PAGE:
On March 20, 1657, Jan Schaggen, one of the settlers at the fort, made a complaint to Director-General Stuyvesant against the Vice-Director Jacquett, charging him with driving him off from land where he lived with consent of Stuyvesant and of Nicholas Stille, Fiscal Schout, of New Amsterdam, thereby causing the loss of one thousand pounds of tobacco. A similar complaint was also made by others, and on April 20, 1657, Jacquett was removed from the office of Vice-Director by Stuyvesant and ordered to transfer and deliver the property of the company to Andreas Hudde, Jan Juriansen and Sergeant Paulus Jansen, who were to remain in command until relieved. Jacquett was placed under arrest and ordered to prepare his accounts for examination and his case for trial. After his deposition he continued to reside at New Amstel several years.

Under the directorship of Jacquett, the little village at Fort Casimir had grown to considerable importance as the shipping point for South or Delaware River. Wharves and storehouses had been built, streets laid out and many houses erected. Tobacco was the staple product, its manufacture the most extensive industry of the settlers, and it was largely used as currency. Drying and packing-houses were erected in the village, and there were inspectors to examine all tobacco and see that it was properly cured, packed and weighed.

The prosperity of the community attracted the attention of persons interested in emigration, and various schemes for its settlement were devised and encouraged by governmental support. Among others, a company of one hundred and sixty-seven Hollanders, under the auspices of the city of Amsterdam, organized a colony to settle in Delaware under the direction of Jacob Alrichs. An agreement was made between the burgomaster of Amsterdam and the colonists, whereby they were to be transported with their families and furniture to Delaware, where a fortified city or town was to be laid out on the river, with streets, lots and a market-place. A schoolmaster was also to be provided. The city was to make provision for one year's clothing, food and garden seeds and build a large store-house. Three burgomasters were to be chosen from the people and five or seven schepens, whom the Director was to select. When the town had two hundred families or more, they were to choose a Common Council, consisting of twenty-one persons, who were to act with the burgomasters and schepens in the government of the town. A schout or high sheriff was also to be appointed. The city agreed to divide the lands about the town into fields for plowing, meadow and pasture, every fanner to have as many morgens of land as he could improve and use for grazing. A failure to accomplish this was to result in the forfeiture of the land. Ships from Holland were to bring over com, merchandise, etc.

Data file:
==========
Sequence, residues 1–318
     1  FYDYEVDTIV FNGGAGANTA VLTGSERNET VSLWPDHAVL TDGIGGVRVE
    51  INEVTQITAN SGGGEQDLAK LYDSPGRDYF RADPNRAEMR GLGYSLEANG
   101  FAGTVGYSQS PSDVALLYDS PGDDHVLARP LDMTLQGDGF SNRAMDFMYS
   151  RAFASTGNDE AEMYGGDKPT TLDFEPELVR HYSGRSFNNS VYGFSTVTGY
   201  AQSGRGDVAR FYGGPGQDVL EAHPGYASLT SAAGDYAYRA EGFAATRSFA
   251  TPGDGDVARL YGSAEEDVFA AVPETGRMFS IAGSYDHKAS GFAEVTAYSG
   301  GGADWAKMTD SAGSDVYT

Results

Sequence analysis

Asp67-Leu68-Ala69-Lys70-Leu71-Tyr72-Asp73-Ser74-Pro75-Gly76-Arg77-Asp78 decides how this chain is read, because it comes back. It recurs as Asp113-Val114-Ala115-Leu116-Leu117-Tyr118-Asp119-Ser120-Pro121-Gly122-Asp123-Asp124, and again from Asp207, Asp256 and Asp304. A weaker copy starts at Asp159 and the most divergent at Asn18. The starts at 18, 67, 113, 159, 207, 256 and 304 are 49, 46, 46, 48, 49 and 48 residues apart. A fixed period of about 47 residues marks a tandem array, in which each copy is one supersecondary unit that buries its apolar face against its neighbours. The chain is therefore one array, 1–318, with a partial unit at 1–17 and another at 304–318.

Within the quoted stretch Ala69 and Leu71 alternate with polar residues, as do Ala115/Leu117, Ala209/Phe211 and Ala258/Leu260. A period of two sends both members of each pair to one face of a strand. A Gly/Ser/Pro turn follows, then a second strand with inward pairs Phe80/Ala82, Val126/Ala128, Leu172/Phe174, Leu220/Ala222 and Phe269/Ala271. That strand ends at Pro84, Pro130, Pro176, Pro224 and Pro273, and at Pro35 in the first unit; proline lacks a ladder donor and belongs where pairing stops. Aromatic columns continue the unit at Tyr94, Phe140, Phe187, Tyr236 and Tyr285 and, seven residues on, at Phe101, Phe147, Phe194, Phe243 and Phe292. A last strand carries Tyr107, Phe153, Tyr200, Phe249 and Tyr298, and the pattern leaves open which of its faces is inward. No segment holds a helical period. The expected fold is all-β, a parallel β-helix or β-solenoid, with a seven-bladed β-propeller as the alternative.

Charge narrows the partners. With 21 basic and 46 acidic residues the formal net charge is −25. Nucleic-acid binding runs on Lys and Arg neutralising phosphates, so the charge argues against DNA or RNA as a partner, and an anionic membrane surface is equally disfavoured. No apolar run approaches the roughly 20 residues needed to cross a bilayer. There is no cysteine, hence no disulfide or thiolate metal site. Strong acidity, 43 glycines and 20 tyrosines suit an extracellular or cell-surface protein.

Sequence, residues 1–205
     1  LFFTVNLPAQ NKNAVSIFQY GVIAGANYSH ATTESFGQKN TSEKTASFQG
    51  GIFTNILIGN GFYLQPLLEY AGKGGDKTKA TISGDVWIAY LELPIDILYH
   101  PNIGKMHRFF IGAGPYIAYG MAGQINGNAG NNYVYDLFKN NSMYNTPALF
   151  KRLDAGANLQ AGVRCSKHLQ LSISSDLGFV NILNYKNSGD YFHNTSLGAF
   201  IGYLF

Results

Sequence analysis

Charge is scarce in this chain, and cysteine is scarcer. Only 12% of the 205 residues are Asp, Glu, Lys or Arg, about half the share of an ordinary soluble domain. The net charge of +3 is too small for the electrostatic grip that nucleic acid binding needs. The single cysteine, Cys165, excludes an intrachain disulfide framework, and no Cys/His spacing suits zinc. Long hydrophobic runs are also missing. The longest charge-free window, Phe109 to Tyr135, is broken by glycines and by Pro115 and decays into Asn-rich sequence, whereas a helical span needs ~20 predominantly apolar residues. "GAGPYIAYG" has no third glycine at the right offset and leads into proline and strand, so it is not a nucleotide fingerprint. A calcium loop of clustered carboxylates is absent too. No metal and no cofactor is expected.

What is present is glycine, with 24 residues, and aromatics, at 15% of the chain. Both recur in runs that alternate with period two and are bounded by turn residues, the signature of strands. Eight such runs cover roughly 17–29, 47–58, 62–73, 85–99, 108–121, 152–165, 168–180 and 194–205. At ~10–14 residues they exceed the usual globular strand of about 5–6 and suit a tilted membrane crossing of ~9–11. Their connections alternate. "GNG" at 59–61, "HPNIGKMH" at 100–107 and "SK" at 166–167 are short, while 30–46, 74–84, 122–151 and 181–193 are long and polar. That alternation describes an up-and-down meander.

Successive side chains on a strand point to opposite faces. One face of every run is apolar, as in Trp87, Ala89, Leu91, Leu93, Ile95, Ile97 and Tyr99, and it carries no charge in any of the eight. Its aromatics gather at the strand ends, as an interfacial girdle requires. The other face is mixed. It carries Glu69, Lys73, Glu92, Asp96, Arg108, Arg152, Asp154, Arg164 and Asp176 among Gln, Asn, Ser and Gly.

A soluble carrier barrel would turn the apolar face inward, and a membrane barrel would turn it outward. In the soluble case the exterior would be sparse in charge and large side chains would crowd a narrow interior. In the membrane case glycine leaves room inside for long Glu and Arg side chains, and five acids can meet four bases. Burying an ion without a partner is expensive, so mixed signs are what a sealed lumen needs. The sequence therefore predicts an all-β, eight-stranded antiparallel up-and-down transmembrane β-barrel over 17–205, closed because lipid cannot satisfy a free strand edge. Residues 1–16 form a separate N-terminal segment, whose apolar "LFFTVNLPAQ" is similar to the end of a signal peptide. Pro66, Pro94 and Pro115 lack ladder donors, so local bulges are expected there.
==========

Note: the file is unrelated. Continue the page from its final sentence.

The colonists were to have the privilege of chartering private ships, but their cargoes were to be con-signed to the city of Amsterdam, which was to provide storehouses, sell the goods and return the proceeds, deducting therefrom two per cent. The colonists were also allowed to cut from the forests, not granted to settlers, any wood they might require for building purposes and to hunt and fish freely in the woods and waters. After the directors of the West India Company had sold to the city of Amsterdam the land below the mouth of Christiana Creek, they wrote on the 19th of December, 1656, to Petrus Stuyvesant, concerning the "Prins Maurits'' and the other vessels of the colony, that were intending to sail, "That you not only assist herein the Director of said Colony, but also help him in everything, with advice and deed. As we have heard that there lives on the Bowery of the late Mr. Markham a certain party, as being well versed in engineering and surveying, who consequently might be of service to the New Colony as well as laying out the lots chosen for the dwelling-houses of the Colonists as in other ways. Therefore your Honors will upon request, persuade the engineer thereto and let him make a good beginning and location there."

About the 1st of March, 1657, the colony embarked for New Amsterdam as follows: In the ship "Prins Maurits," about one hundred and twelve persons, including sixteen officers and sailors. On the ship "De Beer," thirty-three persons, on the "Bever," eleven persons, and some on the "Geldrose Blow." The "Prins Maurits," with Vice-Director Alrichs, on board, was stranded off Long Island and delayed for some time, but subsequently reached New Amstel, and Jacob Alrichs as Vice-Director assumed command about the 1st of May, the same year. On August 10, 1657, he appointed Andreas Hudde secretary and surveyor. On May 8, 1657, Alrichs reports to Stuyvesant the condition of the colony and says they are very much in need of oxen and horses. "As to cows there are but two which give milk and little at that." Pigs were few in number and wild.